Whether you use notes, coins or blockchain to track your wealth is irrelevant. It’s about how the economy runs and how it is managed and protected from massive crashes and insane booms. Without the government being able to control the supply, regulate how it is used, tax everyone fairly etc. an economy would not work. So it’s not so much that bitcoin is over complicated and provides one positive for every dozen negatives. The problem is that bitcoin bros think it can just replace an entire economic system. When the truth is, it would really just be replacing one small component in the entire system but because of the way it is built (no central control, limited supply etc) it can’t actually even function as a currency within an economic system.

    Blockchain itself may find uses in B2B systems down the line. But Bitcoin is pure fantasy.

    • Yes – and one pf the problems is that for many people blockchain=bitcoin. FWIW – I think blockchain is a useful tech but its applications are limited to specific use-cases. And, as I’ve seen transnational volumes and velocities increase, I’m not even convinced it’s a long term solution for cryptocurrencies.

      But that’s a discussion for another day.

  • The thing that stands out the most in this article, “Most cryptocurrencies are tools for holding, not creating, value.“. If that were the case, why are so many people ‘investing’ in it. It may have been the intended purpose but I doubt it. Fiat currencies are managed and supported by governments who try to keep them relatively stable. They also make sure there is enough of a supply for people to hold and use for their daily activities. The cryptos all have a fairly limited supply, until someone creates the next one. It is fairly obvious that if a cryptocurrency becomes successful it’s exchange rate will increase. This attracts speculators, creates hoarding and undermines its usefulness for trading goods. I am not an economist, or any expert on currencies but it’s pretty transparent that without anybody trying to maintain stability it is subject to speculation and manipulation. It is almost inevitable and hard to think that isn’t the intention, maybe not the original Bitcoin but certainly the new ICO’s.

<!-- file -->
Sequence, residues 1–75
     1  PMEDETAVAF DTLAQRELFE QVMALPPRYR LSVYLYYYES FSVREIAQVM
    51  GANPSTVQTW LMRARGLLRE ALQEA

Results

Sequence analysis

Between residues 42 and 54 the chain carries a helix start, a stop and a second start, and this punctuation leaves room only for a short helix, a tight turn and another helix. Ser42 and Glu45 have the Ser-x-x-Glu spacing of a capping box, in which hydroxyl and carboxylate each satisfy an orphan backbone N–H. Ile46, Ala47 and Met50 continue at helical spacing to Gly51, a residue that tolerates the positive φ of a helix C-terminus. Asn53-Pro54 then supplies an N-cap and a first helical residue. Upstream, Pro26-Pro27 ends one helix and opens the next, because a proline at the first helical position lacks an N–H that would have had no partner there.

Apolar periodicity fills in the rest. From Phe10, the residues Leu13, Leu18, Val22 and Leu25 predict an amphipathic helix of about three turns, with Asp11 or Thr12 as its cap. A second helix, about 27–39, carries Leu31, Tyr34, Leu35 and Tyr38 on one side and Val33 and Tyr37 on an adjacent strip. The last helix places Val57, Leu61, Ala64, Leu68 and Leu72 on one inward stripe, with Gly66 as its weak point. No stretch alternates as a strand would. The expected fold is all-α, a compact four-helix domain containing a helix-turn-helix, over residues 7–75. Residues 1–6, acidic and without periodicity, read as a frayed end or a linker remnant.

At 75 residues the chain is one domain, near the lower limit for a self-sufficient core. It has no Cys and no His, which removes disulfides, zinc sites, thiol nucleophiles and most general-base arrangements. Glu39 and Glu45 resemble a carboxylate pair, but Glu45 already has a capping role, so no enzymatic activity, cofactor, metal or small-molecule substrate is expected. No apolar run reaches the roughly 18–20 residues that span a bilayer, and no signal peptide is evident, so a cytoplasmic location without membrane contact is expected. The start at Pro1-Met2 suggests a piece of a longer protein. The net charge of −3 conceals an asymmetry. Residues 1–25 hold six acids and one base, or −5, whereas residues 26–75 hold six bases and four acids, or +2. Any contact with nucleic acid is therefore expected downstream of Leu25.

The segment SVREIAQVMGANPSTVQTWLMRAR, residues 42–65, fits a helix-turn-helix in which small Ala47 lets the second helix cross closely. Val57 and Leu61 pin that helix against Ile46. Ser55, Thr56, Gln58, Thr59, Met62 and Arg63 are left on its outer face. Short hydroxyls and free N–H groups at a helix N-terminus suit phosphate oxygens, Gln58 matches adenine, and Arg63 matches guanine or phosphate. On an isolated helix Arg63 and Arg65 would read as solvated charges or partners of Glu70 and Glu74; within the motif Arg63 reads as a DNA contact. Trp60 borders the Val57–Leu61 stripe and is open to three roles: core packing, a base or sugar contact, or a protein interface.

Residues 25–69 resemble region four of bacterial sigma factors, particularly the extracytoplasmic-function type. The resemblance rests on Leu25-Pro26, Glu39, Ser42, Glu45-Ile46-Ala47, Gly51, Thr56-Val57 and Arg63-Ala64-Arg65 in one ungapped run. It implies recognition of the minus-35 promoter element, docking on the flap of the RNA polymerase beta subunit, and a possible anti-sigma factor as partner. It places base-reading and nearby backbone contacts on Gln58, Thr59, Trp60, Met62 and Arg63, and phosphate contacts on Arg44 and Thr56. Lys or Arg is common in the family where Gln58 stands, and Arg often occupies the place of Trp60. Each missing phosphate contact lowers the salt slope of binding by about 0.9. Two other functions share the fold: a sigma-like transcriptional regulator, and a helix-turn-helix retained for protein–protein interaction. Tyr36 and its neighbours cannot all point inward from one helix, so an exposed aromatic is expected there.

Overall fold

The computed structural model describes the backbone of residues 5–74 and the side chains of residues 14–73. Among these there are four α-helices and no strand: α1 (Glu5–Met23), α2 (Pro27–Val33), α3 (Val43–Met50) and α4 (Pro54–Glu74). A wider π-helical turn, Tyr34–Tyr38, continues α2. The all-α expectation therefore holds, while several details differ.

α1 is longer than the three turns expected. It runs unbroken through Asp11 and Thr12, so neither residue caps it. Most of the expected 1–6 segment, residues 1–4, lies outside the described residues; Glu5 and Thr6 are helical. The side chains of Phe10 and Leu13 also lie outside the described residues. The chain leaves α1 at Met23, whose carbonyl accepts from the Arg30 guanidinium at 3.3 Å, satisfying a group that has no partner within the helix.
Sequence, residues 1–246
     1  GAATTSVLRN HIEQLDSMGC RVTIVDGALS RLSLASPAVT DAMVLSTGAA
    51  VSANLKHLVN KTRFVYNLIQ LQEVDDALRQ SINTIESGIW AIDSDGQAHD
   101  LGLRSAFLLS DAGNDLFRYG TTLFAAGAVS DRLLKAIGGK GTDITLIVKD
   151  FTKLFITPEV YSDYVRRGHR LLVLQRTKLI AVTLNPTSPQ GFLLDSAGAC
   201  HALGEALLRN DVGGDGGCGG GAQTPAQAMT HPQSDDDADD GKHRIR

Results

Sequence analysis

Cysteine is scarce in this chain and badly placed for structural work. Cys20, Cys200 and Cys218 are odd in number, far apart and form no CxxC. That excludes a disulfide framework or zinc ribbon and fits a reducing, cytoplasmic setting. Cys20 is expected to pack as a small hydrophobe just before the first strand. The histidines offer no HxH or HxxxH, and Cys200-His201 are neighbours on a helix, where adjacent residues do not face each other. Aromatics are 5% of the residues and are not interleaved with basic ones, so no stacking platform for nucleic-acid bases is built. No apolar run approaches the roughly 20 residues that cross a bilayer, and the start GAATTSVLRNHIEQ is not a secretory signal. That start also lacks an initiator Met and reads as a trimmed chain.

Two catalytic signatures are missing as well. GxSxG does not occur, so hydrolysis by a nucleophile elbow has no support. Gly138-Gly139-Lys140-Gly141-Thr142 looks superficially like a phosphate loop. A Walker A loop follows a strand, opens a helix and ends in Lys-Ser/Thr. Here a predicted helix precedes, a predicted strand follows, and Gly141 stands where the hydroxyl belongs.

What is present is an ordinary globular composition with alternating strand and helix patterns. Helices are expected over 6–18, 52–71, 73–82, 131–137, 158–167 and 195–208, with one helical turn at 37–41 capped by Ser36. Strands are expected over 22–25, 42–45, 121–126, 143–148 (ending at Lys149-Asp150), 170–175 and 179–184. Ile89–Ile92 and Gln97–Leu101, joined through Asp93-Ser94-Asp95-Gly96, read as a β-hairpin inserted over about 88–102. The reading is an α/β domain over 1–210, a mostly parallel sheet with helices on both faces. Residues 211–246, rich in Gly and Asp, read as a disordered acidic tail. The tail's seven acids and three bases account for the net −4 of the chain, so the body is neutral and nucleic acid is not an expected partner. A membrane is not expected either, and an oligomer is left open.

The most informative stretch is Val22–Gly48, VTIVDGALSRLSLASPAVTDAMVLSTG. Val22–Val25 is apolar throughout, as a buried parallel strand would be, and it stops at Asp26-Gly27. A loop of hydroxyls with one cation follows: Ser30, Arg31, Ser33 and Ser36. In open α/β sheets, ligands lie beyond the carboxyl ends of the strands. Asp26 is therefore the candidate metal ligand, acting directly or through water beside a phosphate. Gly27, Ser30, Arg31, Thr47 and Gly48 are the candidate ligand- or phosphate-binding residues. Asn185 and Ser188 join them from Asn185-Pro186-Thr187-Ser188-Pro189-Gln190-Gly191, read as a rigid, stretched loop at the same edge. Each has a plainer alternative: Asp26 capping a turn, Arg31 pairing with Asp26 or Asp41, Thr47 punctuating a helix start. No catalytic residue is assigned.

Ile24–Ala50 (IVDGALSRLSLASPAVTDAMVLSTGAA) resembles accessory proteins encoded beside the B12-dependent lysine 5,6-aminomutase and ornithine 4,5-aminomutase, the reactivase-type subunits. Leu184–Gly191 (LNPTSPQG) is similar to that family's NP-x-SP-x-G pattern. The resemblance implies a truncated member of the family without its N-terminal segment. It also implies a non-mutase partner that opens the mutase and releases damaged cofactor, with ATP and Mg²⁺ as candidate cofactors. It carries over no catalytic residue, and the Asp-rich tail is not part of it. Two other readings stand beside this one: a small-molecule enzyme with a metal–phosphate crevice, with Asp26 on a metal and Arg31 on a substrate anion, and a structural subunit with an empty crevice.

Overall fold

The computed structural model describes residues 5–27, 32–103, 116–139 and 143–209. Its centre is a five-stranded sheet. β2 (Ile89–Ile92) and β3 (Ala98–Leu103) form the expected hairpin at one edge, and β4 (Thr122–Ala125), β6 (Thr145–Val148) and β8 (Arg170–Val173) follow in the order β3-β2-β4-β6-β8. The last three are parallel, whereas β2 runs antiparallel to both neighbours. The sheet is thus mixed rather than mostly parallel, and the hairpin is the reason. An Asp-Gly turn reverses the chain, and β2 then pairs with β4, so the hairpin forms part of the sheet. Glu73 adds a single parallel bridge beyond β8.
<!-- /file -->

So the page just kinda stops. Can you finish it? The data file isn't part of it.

If you are trying to put a serious value on what any of these coins are worth, first thing to consider is who actually has no alternative and really needs it. You can make the same argument for fiat currencies, we can go back to bartering goods and services, and that is exactly what happens when people lose confidence in their own currency, when times are tough. But with a crypto doesn’t even need tough times. That’s without even considering all the other problems it faces.

    • I don’t think the people are investing – I think they are speculating (gambling is another word some people use). The only place where I used the word “invest” was in the intro when I mentioned it was part of my investment portfolio. But otherwise, I prefer to use the word “traders” rather than investors.

      • I agree it is purely speculation of late (although it was promoted as a way of avoiding governments and law enforcement).

        In your defense, people jokingly refer to ‘investing’ in lottery tickets, and people do put money into stocks that they know is speculation and but refer to as an investment. However, if you know it’s speculation maybe you shouldn’t have it in your ‘investment portfolio’, at least not tell people that if you don’t believe it.

      • Those that invested this time last year were most certainly gambling on its continued rise. Those that invested earlier, not so much.

        Someone that invested 2 years ago is still something like 500% ahead, something a lot of people forget. I have friends in both camps and the ones that invested later are most definitely the bigger gamblers with the typical get rich quick mentality.

        The earlier ones are looking long term – some got in at $100 by the way so are looking REAL pretty. One or two of them sold a few coins near the peak, which easily covered their investment, but still kept some. They still believe in its long term viability, but are at a point now where they cant lose.

        Its an easy belief when you’ve already made a profit, and not its just a matter of how much.

  • I think the difference with this one was that there was global attention on Bitcoin. If it was ever going to be a functioning currency, this was it. It turns out, it’s not that great as a currency.

    Ripple is a solution to cross-border transfers for banks, and one that many banks are getting behind. Obviously, it doesn’t matter if it increases in value or not for this purpose.

    So what does Bitcoin offer? Cheap, instant transactions? Nope. Privacy and anonymity? Not really (compared to Monero, for example). Brand recognition? Yes, but now it’s trashed.

    I have a transaction account with ING with lots of perks and no fees. If they start offering almost-free instant international transactions using Ripple, why would I want to bother with Bitcoin? Governments certainly won’t be giving up control of their currencies either.

    So then you’re left with Bitcoin as an investment. The problem here is that if everyone loses interest in it, it’s worth nothing. And that appears to be what’s happening here.

    • So what does Bitcoin offer? It offers an asset with currency like properties that have no Government oversight.

      People strangely think that’s a good thing.